Category Archives: Tools and Information

Filled With Blood And Drugs, These Delivery Drones Are Saving Lives In Africa | Fast Company

Inside a drone delivery center in Rwanda–the first in the world to make medical deliveries at a national scale–staff answered an emergency call in July. A hospital needed blood for a 24-year-old woman who had just given birth by caesarian section. The hospital had transfused her with two units of blood. But she bled out of those units in 10 minutes.

“In that case, that mom is likely to lose her life–not just in the developing world, but even in the U.S. that mom is in a really difficult, dangerous position,” says Keller Rinaudo, CEO of Zipline, the startup that developed and runs the drone network for the Rwandan government, which supplies it with blood and other medical necessities to deliver to its far-flung clinics. “But in this case, the doctors called Zipline, started placing emergency orders, and Zipline basically instantly did delivery after delivery.”

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Tax the Rich and the Robots? California’s Thinking About It | WIRED

DEPENDING ON WHOM you ask, robots and artificial intelligence are either coming to take your job, or you’re perfectly safe, at least for the near future. Truth is, automation always has and always will put people out of work. It’s just that this time around, even highly skilled jobs may be imperiled. And that has some folks dreading a time in which robots and AI upend the human workforce.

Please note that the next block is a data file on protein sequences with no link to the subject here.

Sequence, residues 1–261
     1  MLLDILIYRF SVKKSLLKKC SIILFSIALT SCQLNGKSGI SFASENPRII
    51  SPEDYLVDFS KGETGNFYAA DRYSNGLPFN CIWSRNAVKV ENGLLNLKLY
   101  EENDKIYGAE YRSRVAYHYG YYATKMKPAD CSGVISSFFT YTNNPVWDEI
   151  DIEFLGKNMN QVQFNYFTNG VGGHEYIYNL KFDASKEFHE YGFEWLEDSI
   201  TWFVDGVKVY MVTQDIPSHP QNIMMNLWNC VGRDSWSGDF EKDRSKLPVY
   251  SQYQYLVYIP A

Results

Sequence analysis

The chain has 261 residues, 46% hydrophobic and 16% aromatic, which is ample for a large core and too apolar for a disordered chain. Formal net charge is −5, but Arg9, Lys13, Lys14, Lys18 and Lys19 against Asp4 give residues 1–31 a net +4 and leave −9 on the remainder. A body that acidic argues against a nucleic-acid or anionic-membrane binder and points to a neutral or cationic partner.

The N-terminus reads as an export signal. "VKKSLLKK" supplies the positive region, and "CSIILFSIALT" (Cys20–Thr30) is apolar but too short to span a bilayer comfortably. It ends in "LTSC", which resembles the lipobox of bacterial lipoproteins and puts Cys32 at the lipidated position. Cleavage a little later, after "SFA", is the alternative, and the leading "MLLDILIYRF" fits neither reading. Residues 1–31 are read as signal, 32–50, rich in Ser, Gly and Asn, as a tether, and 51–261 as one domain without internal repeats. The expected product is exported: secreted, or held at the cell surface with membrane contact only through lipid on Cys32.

Included among those folks is San Francisco supervisor Jane Kim, who Wednesday launched a campaign called the Jobs of the Future Fund to study a statewide “payroll” tax on job-stealing machines. Proceeds from the tax would bankroll things like job retraining, free community college, or perhaps a universal basic income―countermeasures Kim thinks might make a robotic future more bearable for humans.

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Outdated Tech Is Costing You More Than You Think | Forbes

I’ve been on a tear of work travel for the last month and I really enjoy the opportunity to break up long stretches of flying with a movie to help pass the time. Trouble is, I’m terrible about finding the time to download said movie prior to my trip.

Thankfully, technology has advanced significantly in recent years, making it far easier (and faster) for me to download my movie prior to boarding. Yet, I still seem to find myself in an entertainment pinch because I have become accustomed to technology on-demand and access to high-speed internet wherever I happen to be. I inevitably end up scrambling to find an internet connection at the gate and hoping it’s fast enough for my movie to download before I have to board the plane.

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Men Weren’t Doing Pilates. So This Company Changed Its Color Scheme (and Made $27 Million) | Inc.com